Trump’s supreme court pick may have saved his presidency

US president’s second nominee to the court could buffer him from impeachment

When Donald Trump strode into the East Room of the White House on Monday night to face the cameras, the US president could barely contain his smile.

Trump had summoned senior Republicans to the White House to witness one of the most important moments of his presidency – the nomination of a supreme court justice.

With his characteristic eye for showbiz, Mr Trump had built up suspense around the selection process, finally choosing to unveil his nomination on prime-time television. But behind the razzmatazz of the event, a very serious matter was at stake. Nominating a supreme court judge, he told his waiting audience before finally revealing his choice, is “one of the most profound responsibilities of the president of the United States”.

“I’ve often heard that, other than matters of war and peace, this is the most important decision a president will make,” he said solemnly.

He is correct. The right to nominate a judge to the nine-member court is one of the major powers invested in the US president and is a move that can have profound implications for the country long after a president leaves office. While many presidents never get the opportunity, Trump has been given the power to nominate not one but two supreme court justices: after taking office, he nominated Neil Gorsuch to succeed Antonin Scalia; and Justice Anthony Kennedy's resignation two weeks ago gave him the opportunity to nominate a second justice.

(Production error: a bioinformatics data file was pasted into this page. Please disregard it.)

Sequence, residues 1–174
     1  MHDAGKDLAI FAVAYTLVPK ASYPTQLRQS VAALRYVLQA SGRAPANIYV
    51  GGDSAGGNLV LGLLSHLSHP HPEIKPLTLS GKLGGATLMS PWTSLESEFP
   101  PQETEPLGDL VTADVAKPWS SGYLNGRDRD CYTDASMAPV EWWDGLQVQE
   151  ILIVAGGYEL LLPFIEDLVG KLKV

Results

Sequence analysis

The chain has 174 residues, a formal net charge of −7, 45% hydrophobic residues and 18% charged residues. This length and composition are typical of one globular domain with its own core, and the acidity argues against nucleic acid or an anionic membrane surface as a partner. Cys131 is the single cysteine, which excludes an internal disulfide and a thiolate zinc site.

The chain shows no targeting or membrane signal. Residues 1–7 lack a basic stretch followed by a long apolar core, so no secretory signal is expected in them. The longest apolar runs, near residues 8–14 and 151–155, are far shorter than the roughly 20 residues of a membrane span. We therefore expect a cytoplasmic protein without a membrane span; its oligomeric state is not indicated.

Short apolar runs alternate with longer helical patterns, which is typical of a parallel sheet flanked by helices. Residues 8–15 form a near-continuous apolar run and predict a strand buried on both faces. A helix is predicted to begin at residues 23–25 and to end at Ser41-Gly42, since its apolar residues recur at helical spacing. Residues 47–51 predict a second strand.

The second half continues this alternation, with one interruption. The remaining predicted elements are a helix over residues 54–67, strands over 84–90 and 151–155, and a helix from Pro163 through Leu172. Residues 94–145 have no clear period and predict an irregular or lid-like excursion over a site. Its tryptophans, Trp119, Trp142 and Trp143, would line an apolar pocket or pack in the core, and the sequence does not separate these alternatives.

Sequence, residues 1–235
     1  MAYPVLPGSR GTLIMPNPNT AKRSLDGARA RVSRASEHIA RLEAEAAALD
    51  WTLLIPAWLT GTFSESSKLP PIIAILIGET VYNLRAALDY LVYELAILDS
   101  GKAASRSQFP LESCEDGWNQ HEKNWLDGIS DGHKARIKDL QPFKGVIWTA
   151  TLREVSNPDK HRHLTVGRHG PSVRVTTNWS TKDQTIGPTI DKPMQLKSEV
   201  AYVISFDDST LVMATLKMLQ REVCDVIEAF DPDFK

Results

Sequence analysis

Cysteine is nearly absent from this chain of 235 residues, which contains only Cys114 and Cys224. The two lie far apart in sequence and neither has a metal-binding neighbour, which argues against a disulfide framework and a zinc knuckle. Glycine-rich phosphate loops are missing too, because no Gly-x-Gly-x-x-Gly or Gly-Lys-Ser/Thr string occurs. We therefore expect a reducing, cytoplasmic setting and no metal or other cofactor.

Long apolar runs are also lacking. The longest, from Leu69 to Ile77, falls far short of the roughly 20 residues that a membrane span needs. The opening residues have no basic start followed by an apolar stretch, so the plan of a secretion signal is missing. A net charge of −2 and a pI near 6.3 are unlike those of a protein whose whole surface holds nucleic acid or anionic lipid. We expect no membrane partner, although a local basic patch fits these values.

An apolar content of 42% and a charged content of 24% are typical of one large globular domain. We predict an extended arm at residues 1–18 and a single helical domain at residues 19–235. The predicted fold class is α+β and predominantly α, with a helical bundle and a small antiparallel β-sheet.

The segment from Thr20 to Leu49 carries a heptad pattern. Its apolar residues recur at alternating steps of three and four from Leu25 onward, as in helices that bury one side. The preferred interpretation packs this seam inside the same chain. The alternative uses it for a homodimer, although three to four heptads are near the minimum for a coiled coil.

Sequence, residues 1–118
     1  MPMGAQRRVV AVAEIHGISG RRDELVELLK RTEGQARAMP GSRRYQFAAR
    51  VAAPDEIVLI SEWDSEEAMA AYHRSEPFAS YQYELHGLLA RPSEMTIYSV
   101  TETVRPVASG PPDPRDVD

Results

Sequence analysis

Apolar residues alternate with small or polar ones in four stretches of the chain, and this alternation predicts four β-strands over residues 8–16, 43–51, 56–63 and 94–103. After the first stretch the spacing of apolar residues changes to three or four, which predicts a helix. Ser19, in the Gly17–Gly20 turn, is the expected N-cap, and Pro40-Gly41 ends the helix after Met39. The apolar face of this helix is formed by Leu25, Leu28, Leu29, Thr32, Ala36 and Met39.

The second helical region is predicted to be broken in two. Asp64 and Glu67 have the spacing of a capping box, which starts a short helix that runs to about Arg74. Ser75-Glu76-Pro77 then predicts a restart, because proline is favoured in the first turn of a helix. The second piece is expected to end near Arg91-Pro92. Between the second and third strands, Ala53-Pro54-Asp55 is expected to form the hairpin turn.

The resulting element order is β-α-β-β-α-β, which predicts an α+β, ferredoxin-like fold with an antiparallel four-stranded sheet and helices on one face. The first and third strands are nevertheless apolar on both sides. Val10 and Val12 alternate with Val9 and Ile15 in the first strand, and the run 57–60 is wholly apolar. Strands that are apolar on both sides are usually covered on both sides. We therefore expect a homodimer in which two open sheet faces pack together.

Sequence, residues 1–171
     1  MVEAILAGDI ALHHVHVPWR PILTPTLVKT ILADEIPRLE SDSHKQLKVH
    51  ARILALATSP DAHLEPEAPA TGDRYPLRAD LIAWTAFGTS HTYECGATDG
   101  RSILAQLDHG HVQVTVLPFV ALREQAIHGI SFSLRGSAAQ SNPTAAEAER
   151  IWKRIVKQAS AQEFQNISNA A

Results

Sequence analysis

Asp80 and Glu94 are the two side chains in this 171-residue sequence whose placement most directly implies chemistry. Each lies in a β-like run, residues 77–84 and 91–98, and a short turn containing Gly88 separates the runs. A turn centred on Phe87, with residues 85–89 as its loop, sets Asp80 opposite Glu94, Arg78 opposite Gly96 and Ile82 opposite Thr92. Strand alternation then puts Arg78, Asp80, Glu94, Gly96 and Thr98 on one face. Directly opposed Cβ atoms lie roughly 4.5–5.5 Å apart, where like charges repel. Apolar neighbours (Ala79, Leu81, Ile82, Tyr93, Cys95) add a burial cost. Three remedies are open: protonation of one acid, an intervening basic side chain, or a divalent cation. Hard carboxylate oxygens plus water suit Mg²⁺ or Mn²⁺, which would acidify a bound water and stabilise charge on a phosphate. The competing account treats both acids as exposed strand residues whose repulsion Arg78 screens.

For Republicans, the development is a welcome payoff for the support they have given – often reluctantly – to Trump. The promise of a more conservative-leaning court system was the reason many Republicans voted for Trump in 2016. During the Republican primaries, when many establishment Republicans were wary of the brash New York businessman who once had ties with the Democrats, it was his promise to nominate conservative justices – and specifically anti-abortion judges – that secured their support.

Trump’s decision to publish a list of conservative judges during the campaign from which he would choose nominees was a clever tactic, a written guarantee that he would follow a conservative agenda.

Quietly packing the lower courts

Over the last 18 months, he has kept his promise. While the Trump administration has been slow to appoint staff across the government system, it has been quietly packing the lower courts with conservative judges, in consultation with conservative organisations such as the Heritage Foundation and the Federalist Society.

At the supreme court level, Trump has followed through for his voters, nominating Gorsuch within days of inauguration. Faced with an unexpected second nominee, he finally settled on Monday on Brett Kavanaugh, choosing to sideline more vocal social conservatives such as Amy Coney Barrett, amid fears that she could face tough confirmation hearings from pro-choice Republicans in the Senate.